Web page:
(Black Press Media file)

(Black Press Media file)

Key to keeping doctors from private health care is a strong B.C. Medicare: UBC prof

Quebec’s example could provide a guideline for B.C.

The battle over a private surgery centre in Vancouver could have big implications for physicians choosing whether to practice in the public or private system.

That’s according to Michael Law, a professor at the University of B.C.’s school of population and public health. Law partnered with University of Victoria researchers to look at how Quebec doctors left the public health care system after two policy changes. The first was a 2005 Supreme Court of Canada ruling on Chaoulli v. Quebec that found the province’s banning of private insurance for publicly insured medical services violated the Quebec Charter of Human Rights and Freedoms. The second was a regulatory clampdown forbidding double billing that was implemented by Quebec’s government in 2017.

In B.C., the issue of double billing is likely headed to the province’s top court, after the Cambie Surgery Centre lost a bid to double-bill patients at the B.C. Supreme Court. Double billing is when a health-care provide bills the patient and the government for the service. Owner Dr. Brian Day had claimed the B.C. government was denying patients the right to timely care by not letting them go private.

Day lost the ruling, but will likely appeal the decision.

Law said the decision of that ruling could have longstanding implications for B.C.

“British Columbia does not allow physicians to practice in both the public sector and private sector, you either have to be in or out,” he said. “One of the sections in the Medicare Act that was under challenge was that section.”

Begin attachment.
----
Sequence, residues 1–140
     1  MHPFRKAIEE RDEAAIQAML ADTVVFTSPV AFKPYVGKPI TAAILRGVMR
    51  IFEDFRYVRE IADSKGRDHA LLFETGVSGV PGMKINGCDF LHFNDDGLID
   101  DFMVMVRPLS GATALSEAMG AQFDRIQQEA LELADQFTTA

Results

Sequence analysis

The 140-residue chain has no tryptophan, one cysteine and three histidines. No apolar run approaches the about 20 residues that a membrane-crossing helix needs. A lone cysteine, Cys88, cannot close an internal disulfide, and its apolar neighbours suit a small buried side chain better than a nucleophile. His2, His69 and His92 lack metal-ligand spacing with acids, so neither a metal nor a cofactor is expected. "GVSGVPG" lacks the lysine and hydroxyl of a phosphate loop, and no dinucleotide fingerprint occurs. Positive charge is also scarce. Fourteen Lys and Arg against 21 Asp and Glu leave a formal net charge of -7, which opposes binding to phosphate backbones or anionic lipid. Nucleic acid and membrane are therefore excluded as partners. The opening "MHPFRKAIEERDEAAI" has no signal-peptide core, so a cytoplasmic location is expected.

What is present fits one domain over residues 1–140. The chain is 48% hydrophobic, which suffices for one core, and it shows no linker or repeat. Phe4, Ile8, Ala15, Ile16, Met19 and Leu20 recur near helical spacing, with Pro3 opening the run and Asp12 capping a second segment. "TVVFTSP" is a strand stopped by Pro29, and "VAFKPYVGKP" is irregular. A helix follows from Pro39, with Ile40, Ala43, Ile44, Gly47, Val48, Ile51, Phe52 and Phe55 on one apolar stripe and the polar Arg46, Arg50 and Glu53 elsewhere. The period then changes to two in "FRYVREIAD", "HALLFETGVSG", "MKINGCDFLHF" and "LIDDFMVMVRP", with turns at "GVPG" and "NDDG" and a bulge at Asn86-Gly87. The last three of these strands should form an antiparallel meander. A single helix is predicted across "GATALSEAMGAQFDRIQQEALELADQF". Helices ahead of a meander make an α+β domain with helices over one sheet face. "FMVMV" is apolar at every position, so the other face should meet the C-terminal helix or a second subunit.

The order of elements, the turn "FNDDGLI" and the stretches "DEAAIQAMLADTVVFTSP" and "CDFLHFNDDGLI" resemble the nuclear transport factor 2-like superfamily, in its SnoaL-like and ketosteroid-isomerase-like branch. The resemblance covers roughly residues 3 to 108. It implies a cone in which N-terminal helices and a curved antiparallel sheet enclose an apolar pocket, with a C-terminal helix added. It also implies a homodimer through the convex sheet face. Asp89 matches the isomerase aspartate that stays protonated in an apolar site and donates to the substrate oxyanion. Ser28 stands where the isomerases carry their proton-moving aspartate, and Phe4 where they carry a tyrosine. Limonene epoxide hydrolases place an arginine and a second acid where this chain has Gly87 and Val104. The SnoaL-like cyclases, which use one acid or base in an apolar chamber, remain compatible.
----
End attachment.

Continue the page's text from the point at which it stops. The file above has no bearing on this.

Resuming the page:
Law said that his team looked at Quebec doctors because unlike B.C., that province publishes a monthly list of physicians who have opted out of the public sector. In B.C. he said, while private surgery clinics are popular, it’s impossible to tell how many doctors are leaving the public system.

In Quebec, the number of doctors leaving is significant. For specialists, researchers found 23 doctors opted out in 1994, compared to 150 in 2019 – a 552 per cent increase.

For family doctors, the rise in those leaving the public system was even higher. In 1994, nine family doctors had opted out of the public system. By 2019, that number had grown to 347 – a spike of 3,755 per cent. If that trend is mirrored in B.C., where family doctors are already often lacking, the province could have a problem on its hands.

But Law said that regardless of the results of the Cambie Surgery Centre’s appeal, there are steps the province can take to make sure doctors stay in the public system.

“Don’t give people a reason to want to go to the private sector,” he said. “You need to maintain a level of quality and accessibility in the public sector that doesn’t make people feel the necessity of going private and paying to get things done.”

READ MORE: B.C. Supreme Court rules against private healthcare centre, sides with province


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